This derailed everything and further demotivated my team. But I had to figure out something and new doors were opened. We now have a company that’s willing to help. I know together we have the capacity to reach the target in time. I have my last shot at selling the idea of our capability on Monday and less than a week to collect and compost 9000kgs of waste.
Already they have been able to help us with human capital, our team members had dropped to 3 but they have boosted our number.
2 months ago
We have reached a state where  growth has just plateuaed and no matter what kind of information or idea that comes, our growth is just so small and insignificant. To change this I planned to become actively involved in a regeneration SEEDS group, hoping that through interacting with the different people, with unique backgrounds, maybe different skills and perceptions can develop. To do this, I have been trying to push level 2 of the gigatonne challenge which  was introduced through SEEDS. This time it's even harder than what I experienced in level 1. Reducing carbon emissions could be important, but the priority around me is survival, and mobilising a team to tackle this challenge has been/ is still an impossible mission. I targeted people with some kind of exposure and open mindedness and after two weeks we have dug our fist pit for composting. The people who helped me in digging the pit are Ngoni and his wife and it is really because of our relationship and they say they are still yet to understand what carbon abatement is about. What I like about the challenge is we might be creating jobs for ourselves and this is what we need to keep our project running and the icing on the cake is that it is still in line with regeneration.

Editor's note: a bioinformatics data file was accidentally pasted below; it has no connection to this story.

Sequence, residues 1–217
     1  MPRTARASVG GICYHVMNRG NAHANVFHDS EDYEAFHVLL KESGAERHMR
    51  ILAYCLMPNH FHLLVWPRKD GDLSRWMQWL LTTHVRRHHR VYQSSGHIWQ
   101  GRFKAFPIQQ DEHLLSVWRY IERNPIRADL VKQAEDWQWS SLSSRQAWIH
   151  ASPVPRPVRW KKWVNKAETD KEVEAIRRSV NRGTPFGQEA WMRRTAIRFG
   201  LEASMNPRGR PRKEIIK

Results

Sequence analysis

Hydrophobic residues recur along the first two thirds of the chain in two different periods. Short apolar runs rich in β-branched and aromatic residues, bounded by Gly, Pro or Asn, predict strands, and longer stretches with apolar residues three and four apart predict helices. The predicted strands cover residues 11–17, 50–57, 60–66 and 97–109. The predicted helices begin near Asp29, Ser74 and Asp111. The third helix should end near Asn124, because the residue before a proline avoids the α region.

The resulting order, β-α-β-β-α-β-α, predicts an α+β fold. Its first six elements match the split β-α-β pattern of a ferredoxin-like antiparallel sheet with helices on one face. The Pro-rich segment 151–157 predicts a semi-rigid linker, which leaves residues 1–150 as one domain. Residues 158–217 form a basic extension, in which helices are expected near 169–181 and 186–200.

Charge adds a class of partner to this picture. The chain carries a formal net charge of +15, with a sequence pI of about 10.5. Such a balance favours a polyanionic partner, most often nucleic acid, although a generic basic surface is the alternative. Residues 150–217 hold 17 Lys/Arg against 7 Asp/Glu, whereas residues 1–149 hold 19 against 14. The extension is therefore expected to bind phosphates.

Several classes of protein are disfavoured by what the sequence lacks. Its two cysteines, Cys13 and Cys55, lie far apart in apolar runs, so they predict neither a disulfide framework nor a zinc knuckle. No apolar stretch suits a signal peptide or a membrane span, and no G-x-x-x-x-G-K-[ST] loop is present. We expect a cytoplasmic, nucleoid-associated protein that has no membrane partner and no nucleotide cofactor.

2 months ago
I went to the plot and I liked what I saw. The Sandy part of our field caught my eye especially. It's been stuffed with so much grass, I am sure at the end of the year there will be a visible change on before continuous feeding and after images of the soil. Mitchell is also going to school now and she will be with her parents which is another thing to celebrate.

They have started working on the zai pits in the field which is also good.

I am continuing with exploring selling samoosa, now pies..., e.t.c, until I find the right thing that sells consistently.
2 months ago
It's been weeks since I have visited the plot, I am proud to show how there is so much progress regardless. There are some values we have been building on that are now showing and I am glad.
Based on what I have come to understand wealth is built from, (i.e. Land, labour and capital),

-we now grow soil to create value on the land we have and we get as much of the resources we can from what's surrounding us. Ngoni has been making chicken soup, even for sweet potatoes and he is now big on mulching, without any external push

-labour has to be productive labour. This is an area which as obvious as it sounds was/is the hardest practically. Productivity is something we are learning and trying to increase the value of our labour in relation to time and effort. We have been gradually growing and we both are trying to understand each other in this context. We seem to be at opposite extremes where I would rather we grow gradually while watching our capacity and avoiding getting to shorten the lifespan of the things we already have, to be specific the pump. There aren't any running hours that came with the manual so it's pretty much guess work and my judgement could lead us to under utilise the pump. Ngoni on the other hand is for taking risks and sometimes it has proven to help in getting us to the next step but in some instances we loose in times we could have avoided it. We have increased the vegetables, added beans and onion to plants we are learning to grow and with maize we have increased the probability of a harvest though all the external factors are going against this. Ngoni in the past weeks replanted the one side which had vegetable beds with old plants and when he bought chicken manure, he offered to go and clear the manure so as to get more. All this he initiated. He is also experimenting with tomatoes and okra,  both which he is using water from the well. The tomatoes are looking so healthy and so far they have overcome the nights that are getting colder and colder and he is excited to prove to me that this risk was worth it. His effort is more and coming from an inner drive.